Even in retirement, Communists “cannot take part in religious activities”
The Communist Party’s Organisation Department, which controls the 88 million party personnel, issued new rules banning retired party members from engaging in religious activities. Politburo member Yu Zhengsheng called for “more effort in building a religious ideology with Chinese characteristics”.
Beijing (AsiaNews) – Retired Communist Party members cannot believe in a religion or engage in religious activities, this according to new regulations issued by the Organisation Department, the powerful internal body that controls staffing in the 88-million member Communist Party.
“There are clear rules that retired cadres and party members cannot believe in religion, cannot take part in religious activities, and must resolutely fight against cults," Chinese media quoted an official as saying.
Retired officials should "maintain a high degree of consistency, in thought, in political views and in action, with the central party committee which is headed by Xi Jinping", the official added.
The Chinese government is atheist because its bodies and offices are occupied by Communist Party officials. The party’s founding documents have no place for religion.
However, China’s constitution guarantees freedom of religion and recognises five official religions (Catholicism, Protestantism, Islam, Taoism and Buddhism).
Although serving Communist Party members are not expected to be religious, retired members had so far been left in a legal limbo. This has been changing since President Xi Jinping came to power, as he seeks to boost state control of religion.
Under Xi’s predecessors Jiang Zemin (1993-2003) and Hu Jintao (2003-2013), the Communist Party was formally against religion, but members could exercise some freedom in private. Some polls suggested that up to 80 per cent of party members held some religious views.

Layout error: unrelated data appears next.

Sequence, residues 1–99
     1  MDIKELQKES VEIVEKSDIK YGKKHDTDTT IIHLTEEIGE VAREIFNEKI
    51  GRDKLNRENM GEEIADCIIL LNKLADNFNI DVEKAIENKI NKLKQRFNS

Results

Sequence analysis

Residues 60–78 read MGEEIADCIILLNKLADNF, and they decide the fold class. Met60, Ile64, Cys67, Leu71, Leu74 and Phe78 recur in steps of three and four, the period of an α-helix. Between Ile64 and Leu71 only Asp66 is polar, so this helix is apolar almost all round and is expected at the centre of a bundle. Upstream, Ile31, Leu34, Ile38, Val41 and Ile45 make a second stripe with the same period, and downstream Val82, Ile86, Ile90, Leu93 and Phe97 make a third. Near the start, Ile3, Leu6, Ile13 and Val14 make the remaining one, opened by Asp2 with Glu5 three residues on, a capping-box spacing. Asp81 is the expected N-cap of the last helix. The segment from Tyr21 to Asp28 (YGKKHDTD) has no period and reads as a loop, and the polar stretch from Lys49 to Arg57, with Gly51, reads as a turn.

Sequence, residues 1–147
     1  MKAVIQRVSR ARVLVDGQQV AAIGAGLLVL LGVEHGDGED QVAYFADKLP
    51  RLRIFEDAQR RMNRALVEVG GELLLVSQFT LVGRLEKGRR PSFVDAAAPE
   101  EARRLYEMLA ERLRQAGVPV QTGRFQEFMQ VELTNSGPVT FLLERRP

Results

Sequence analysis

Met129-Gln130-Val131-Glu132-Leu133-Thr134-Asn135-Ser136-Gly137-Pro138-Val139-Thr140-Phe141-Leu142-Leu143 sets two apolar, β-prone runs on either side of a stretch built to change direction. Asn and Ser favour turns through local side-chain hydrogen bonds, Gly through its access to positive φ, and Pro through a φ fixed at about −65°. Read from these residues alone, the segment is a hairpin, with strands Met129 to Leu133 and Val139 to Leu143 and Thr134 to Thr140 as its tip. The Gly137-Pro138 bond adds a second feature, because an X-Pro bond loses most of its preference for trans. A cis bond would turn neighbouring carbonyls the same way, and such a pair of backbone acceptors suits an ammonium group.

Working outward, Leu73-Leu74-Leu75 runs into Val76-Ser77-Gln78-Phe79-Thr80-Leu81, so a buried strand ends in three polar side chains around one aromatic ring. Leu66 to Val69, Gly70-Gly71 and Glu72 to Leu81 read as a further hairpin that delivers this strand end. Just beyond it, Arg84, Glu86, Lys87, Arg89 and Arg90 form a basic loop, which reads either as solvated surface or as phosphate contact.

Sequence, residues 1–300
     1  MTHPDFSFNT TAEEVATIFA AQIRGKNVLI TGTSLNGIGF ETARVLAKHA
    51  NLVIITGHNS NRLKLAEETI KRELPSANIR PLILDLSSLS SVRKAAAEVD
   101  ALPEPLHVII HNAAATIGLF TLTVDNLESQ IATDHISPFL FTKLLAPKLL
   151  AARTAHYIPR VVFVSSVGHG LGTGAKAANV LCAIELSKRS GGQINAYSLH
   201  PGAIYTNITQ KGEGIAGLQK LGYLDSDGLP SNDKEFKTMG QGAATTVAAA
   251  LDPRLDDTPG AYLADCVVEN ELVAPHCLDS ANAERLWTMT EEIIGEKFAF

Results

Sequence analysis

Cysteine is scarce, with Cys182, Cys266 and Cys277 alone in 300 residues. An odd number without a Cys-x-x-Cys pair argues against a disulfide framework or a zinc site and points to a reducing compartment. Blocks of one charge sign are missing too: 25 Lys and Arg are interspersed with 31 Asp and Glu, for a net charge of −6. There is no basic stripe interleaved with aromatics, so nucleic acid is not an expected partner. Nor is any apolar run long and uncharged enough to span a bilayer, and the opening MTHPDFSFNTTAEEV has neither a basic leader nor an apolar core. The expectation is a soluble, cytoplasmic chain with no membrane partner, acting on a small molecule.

However, haunted by the collapse of the Soviet Union, Xi has reiterated that religion is incompatible with communism.
Indeed, ”Communist Party members cannot follow any religion – this is the important ideological and organisational principle which has been upheld since the founding of the party. There is no doubt about it,” wrote Zhu, chairman of the Ethnic and Religious Affairs Committee of the Chinese Peoples’ Political Consultative Conference, in an article published on 14 November 2014 in the Global Times.
Now with the new rules, even retirement does not release party members from their duty towards the Party. Failure to uphold them could lead to suspension and eventually loss of pension benefits.
"(The circular) clearly stated that retired cadres cannot believe in religion, cannot participate in religious activities and must resolutely fight against cults," Xinhua reported.
For some analysts, this latest version of Mao’s policy of caring for people from the cradle to the grave, which means that the Party oppresses people for the same length of time.
For his part, Yu Zhengsheng, chairman of the Chinese People's Political Consultative Conference (CPPCC), recently met with the country’s religious leaders.
As it reported the meeting, Xinhua noted that Yu "called on religious groups in China to continue adding Chinese characteristics, dig into positive elements in their religions and make more effort in building a religious ideology with Chinese characteristics."